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tv   Overheard With Evan Smith  PBS  March 10, 2016 5:30am-6:01am PST

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>> funding for "overheard" with evan smith is provided in part by mfi foundation, improving the quality of life within our community. and from the texas board of legal specialization, board certified attorneys in your community. experienced, respected, and tested. also by hillco partners, a texas government affairs consultancy. and by the alice kleberg reynolds foundation. and viewers like you. thank you. >> i'm evan smith. he's a veteran standup comedian whose ifc series "maron" is now in its third season and whose twice-weekly podcast "wtf" has made him one of the internet age's household names. he's marc maron. this is "overheard." [applause]. >> actually, there are not two sides to every issue. >> so i guess we can't fire him now. >> i guess we can't fire him now. the night that i win the emmy. >> being on the supreme court
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was an improbable dream. >> it's hard work and it's controversial. >> without information there is no freedom and it's journalists who provide that information. >> window rolls down and this guy says, hey, he goes to 11:00. [laughter]. >> marc maron, welcome. >> how are you? >> nice to meet you. >> nice to meet you. >> i'm a little intimidated, i have to say. >> really? >> well, you're a great interviewer, and for those of us who do this sort of amateur interviewing, you are a professional, man, whether you know it or not. and to watch you or to listen to you do it is really inspiring. >> well, thank you. that's very flattering. i appreciate that. >> has it been hard for you to become -- five and a half years in this program now, 600 episodes. >> yeah. >> i have to believe later episodes you feel more comfortable than your earlier ones, but how has that progssion go f you? >> i don't know theel comfortable,ecesri i feel more comfortable with eah.lf.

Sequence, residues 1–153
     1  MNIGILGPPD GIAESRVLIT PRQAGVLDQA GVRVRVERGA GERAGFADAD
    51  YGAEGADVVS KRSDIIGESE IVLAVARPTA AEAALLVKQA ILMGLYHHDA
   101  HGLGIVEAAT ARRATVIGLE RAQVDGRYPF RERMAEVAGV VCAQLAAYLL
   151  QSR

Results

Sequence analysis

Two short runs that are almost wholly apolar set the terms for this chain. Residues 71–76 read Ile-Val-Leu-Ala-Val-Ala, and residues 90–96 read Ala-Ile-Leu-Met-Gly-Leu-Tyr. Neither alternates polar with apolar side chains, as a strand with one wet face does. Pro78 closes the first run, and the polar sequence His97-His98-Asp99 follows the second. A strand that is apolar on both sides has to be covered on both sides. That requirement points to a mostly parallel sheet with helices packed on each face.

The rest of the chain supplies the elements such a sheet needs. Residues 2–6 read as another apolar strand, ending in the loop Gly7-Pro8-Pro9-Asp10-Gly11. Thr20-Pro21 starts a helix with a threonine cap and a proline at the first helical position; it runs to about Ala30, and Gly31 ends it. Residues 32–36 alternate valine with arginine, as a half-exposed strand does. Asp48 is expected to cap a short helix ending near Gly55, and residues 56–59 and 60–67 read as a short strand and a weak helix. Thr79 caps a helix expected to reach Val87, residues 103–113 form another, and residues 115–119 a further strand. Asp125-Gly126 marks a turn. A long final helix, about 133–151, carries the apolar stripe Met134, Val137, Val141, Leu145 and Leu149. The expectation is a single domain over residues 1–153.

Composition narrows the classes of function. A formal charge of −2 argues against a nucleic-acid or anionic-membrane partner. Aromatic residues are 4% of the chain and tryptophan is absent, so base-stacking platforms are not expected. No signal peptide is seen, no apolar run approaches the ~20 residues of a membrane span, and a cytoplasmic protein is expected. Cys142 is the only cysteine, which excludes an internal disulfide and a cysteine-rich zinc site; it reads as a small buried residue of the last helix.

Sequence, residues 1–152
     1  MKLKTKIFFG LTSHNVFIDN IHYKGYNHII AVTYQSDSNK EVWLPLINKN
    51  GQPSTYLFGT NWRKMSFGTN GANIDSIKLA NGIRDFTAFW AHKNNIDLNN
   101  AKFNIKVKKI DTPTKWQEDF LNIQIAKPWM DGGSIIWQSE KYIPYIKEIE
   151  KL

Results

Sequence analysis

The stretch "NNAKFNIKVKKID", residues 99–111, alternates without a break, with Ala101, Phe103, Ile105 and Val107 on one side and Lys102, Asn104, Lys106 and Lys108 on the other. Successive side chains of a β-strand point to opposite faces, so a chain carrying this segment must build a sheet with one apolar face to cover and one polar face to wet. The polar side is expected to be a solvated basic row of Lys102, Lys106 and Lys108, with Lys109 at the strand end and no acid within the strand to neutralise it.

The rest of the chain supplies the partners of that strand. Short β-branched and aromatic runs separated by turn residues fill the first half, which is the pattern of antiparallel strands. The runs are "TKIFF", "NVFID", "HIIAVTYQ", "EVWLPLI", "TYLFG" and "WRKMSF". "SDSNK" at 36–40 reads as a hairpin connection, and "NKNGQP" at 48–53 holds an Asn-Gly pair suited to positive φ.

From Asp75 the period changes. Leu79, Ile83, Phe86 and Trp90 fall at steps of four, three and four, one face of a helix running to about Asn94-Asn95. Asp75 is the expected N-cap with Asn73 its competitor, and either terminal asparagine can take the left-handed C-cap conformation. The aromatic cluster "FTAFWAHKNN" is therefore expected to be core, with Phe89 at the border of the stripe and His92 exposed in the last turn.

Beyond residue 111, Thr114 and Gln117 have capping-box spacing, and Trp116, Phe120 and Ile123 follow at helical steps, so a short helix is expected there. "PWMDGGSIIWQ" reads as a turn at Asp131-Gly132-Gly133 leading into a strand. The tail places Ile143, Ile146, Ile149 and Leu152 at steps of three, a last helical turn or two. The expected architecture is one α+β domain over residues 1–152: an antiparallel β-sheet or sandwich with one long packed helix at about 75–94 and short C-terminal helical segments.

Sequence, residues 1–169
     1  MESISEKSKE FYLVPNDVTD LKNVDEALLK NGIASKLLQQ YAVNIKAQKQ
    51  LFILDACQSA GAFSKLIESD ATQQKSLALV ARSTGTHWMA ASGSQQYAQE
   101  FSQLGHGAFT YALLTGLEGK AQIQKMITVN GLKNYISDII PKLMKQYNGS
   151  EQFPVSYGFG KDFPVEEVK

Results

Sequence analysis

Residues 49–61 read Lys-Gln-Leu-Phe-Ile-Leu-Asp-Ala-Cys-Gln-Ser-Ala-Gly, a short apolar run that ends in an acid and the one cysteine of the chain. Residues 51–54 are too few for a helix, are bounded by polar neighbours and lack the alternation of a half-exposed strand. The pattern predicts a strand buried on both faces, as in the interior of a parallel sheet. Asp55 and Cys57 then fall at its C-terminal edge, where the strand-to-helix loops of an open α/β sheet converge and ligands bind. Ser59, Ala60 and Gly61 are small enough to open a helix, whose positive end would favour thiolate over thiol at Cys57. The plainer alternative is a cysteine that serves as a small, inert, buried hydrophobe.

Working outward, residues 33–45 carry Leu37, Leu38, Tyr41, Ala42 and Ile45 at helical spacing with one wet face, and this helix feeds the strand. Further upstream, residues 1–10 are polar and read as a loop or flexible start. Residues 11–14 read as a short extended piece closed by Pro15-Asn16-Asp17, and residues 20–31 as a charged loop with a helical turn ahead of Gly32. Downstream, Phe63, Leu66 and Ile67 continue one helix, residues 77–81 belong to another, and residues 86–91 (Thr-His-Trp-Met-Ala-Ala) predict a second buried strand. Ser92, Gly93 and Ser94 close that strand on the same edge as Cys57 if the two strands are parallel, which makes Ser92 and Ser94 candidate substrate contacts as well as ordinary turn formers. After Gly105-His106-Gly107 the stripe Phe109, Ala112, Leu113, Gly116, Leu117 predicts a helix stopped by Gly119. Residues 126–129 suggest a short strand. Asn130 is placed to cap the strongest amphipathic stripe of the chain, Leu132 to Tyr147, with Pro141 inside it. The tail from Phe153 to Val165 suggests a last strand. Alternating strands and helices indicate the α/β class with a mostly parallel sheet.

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>> i think that the first 200 episodes were really thinly veiled attempts at me to get celebrities to help me with my problems. >> look, if it works, right? >> i don't know that that's really what i planned but i think that's what was happening. and i think -- i don't think i have an interview style and i'm wary to call myself an interviewer. that's the weird thing. like i don't really have questions and sometimes i think they would help. >> you know what? but let me say this, i think it's a conversation. >> that's right. >> it's not an interrogation. >> i can deal with a conversationalist, a professional conversationalist. >> that's good. >> well, yeah, but interviews, like i've gotten mail from people who are in journalism and they're like, you know you break all the rules of journalism but you get this great stuff out of people, and i'm like, well -- >> that you wouldn't get if you went through it in a conventional way. >> well, i don't even know what that is. so maybe, you know, this whole idea of convention needs to be rethought. >> blown up. >> something. what are they? what are they? do you know them? >> the conventions? >> yeah.